Lipoproteins are important protein-lipid assemblies that are responsible for the transport of fats to different parts of the body via the bloodstream. The five major groups of lipoproteins are very low-density lipoprotein (VLDL), low-density lipoprotein (LDL), intermediate-density lipoprotein (IDL), high-density lipoprotein (HDL), and chylomicrons. LDL and HDL are of particular interest due to their impact on human health. For example, studies have shown that higher levels of LDL promote health problems and cardiovascular disease. On the other hand, those with higher levels of HDL seem to correlate with a lower risk of cardiovascular disease. Therefore LDL is commonly referred to as bad cholesterol, while HDL is referred to as good or healthy cholesterol.
Lipoproteins are composed of lipids and proteins which are held together by noncovalent forces. There is an outer layer of phospholipids, unesterified cholesterol, and proteins, with a core of neutral lipids predominately cholesteryl esters and triacylglycerols (TAG). Apolipoproteins are the proteins that, along with other amphipathic molecules, surround the lipids to make up the lipoproteins. This association allows lipoproteins to be carried through water-based circulation, specifically blood and lymph.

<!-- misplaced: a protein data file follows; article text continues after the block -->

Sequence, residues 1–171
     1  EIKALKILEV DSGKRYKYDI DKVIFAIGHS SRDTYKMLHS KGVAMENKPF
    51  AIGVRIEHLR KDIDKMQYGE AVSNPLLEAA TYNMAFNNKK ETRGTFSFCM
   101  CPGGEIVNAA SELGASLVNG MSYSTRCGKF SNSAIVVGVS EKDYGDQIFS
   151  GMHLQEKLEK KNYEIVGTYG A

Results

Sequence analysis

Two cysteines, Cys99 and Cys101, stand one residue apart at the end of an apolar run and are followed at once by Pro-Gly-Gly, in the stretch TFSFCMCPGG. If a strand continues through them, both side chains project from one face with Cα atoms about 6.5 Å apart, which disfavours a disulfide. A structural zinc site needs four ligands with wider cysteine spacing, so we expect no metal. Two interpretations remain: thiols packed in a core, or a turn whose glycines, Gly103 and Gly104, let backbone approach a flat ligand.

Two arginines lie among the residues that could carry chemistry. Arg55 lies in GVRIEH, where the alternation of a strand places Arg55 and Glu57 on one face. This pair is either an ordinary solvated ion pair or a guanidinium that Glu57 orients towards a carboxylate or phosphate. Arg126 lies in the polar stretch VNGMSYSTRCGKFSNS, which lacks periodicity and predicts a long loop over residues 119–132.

Apolipoproteins can be grouped into two classes: the nonexchangeable apolipoproteins (ApoB-100 and ApoB-48), and the exchangeable apolipoproteins (ApoA-I, ApoA-II, ApoA-IV, ApoC-I, ApoC-II, ApoC-III, and ApoE). Exchangeable apolipoproteins are able to interact with a range of macromolecular lipid assemblies, from large VLDL droplets to tiny HDL particles. In contrast to exchangeable apolipoproteins, the non-exchangeable apolipoproteins remain on the same lipoprotein particle from biosynthesis to breakdown.
Tests have been developed that measure apolipoproteins found in VLDL, LDLs, IDL, HDL, and chylomicrons. In general, VLDL, IDL, and LDL contain mostly ApoB particles, while ApoAI is the primary protein constituent of HDL. ApoC and ApoE are found mainly in chylomicrons, VLDL, and HDL. A recent study indicated that determining the ratio of ApoB to ApoAI is the best predictor of those at risk of heart attack. For example, some people who have normal levels of LDL may have higher-than-normal levels of ApoB (usually there's only one ApoB molecule on each LDL), and this higher level may indicate greater risk of cardiovascular disease.